The Long Road Home

May 19, 2015

My stressed-out PhD walk photo, Carnegie Mellon University, May 18, 1997. (Angelia N. Levy).

My stressed-out PhD walk photo, Carnegie Mellon University, May 18, 1997. (Angelia N. Levy).

It’s been eighteen years and nearly a day since I had to shake then Carnegie Mellon Dean Peter Stearns’ hand on stage as part of the PhD portion of the 100th commencement ceremony for graduates, that third sweltering Sunday in May ’97. I’ve talked about the ceremony, my Mom’s jealousy and issues about my degree, Peter Stearns, Joe Trotter, Bruce Anthony Jones, and what happened before and after the degree ceremonies on that fateful day.

But time and enlightenment — especially the latter — has allowed me to take a step back from the events leading to a new wave of disillusionment in my life. If I really think about it, my struggles with where I wanted to go with my career go as far back as ’81, in the months after my first accolades as a writer, to the time when at eleven, I already had an encyclopedic knowledge of history, basic science, and technology. Heck, I already knew some of the historiography around World War II, the Cold War, American slavery and civil rights, long before I ever knew the definition for historiography. Not to mention, I was already living what we now call migration studies, thanks to my Mom and dad.

But my Boy @ The Window years did their damage to me. By the time I turned twenty at the end of the ’80s, I wasn’t fully clear of the array of choices I had for a career or set of careers. I knew I could write, and often write well. Yet I had stopped seeing myself as a writer by the time I went through my summer of abuse in ’82. I knew that I was a historian, because I asked the kinds of questions about history that only trained historians would. Yet I hated the idea that I was supposed to write only one way, using words like synergistic and interstitial (at an esoteric minimum) along the way. I toyed with the idea of going to law school in ’90, even going so far as to take the LSAT, scoring a then-50th percentile 31 on the exam in my one-and-only try.

Arthur Wesley Dow (1857-1922), The Long Road--Argilla Road, Ipswich, circa 1898, April 28, 2010. (BrooklynMuseumBot via Wikipedia). In public domain.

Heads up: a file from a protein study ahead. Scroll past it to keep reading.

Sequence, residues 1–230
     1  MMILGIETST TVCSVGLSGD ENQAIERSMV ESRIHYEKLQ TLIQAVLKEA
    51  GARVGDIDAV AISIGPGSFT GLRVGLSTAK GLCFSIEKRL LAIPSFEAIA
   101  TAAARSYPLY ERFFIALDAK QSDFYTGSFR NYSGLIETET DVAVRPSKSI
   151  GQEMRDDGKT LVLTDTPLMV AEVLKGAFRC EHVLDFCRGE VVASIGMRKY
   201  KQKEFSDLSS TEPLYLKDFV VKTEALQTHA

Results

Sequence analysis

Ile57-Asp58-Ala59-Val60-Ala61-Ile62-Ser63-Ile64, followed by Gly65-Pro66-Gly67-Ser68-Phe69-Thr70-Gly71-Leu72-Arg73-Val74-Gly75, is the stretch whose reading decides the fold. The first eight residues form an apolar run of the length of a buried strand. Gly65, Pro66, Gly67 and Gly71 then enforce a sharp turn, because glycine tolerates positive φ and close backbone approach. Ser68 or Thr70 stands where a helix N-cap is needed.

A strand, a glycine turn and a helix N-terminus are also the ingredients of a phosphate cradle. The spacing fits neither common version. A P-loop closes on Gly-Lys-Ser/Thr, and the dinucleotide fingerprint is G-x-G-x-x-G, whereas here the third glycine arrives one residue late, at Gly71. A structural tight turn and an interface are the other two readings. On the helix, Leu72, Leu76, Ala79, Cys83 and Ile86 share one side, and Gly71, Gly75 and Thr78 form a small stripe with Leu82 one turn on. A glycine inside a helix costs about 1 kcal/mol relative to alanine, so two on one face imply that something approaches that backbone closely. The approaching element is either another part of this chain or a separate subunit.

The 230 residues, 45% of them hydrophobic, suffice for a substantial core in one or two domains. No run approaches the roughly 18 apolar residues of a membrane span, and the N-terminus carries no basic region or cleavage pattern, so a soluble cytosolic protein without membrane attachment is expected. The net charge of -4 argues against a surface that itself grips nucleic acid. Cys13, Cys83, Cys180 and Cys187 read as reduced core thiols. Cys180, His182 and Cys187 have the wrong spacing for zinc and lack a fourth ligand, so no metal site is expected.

Arthur Wesley Dow (1857-1922), The Long Road–Argilla Road, Ipswich, circa 1898, April 28, 2010. (BrooklynMuseumBot via Wikipedia). In public domain.

I struggled for years with my fundamental question: “Am I an academic historian who’s also a writer? Am I a writer who’s also a historian? Can I be both?” I realized about a decade ago the question was moot. I am both. The real question really has been, will the working world allow me to operate as both without giving me grief and a hard way to go? (By the way, if I ever were to do a second, post-Boy @ The Window memoir, this would be one of that book’s big themes.)

I can safely say as a mildly successful freelance writer that the answer for many in this world of singularities is no. The working world puts up a fight, has and will continue to try to force me and others with multiple talents to choose one path, to do one thing, and one thing only, ideally for all time.

Academicians only think about each other via teaching duties or well-placed articles and books in scholarly journals and scholarly publishing houses. Higher education administrators believe that the only way to understand their work is through the lens of their specific university, as if universities and colleges aren’t similar from a management standpoint. Nonprofit organizations

A male mallard duck, a bird's triple threat (can walk, swim under water and fly), Saint-Eustache, Quebec, Canada, November 19, 2007. (Acarpentier via Wikipedia). Released to public domain via CC-SA-3.0.

A male mallard duck, a bird’s triple threat (can walk, swim under water and fly), Saint-Eustache, Quebec, Canada, November 19, 2007. (Acarpentier via Wikipedia). Released to public domain via CC-SA-3.0.

discount teaching and higher education administrator positions because finding money or managing students isn’t exactly the same as managing staff. Foundations who use your salary history instead of your scope of programs developed, people reached, and money raised as a barometer for even granting you an interview. All would prefer that you be quiet about injustices, especially ones in which their institution, organization, or foundation might well be complicit.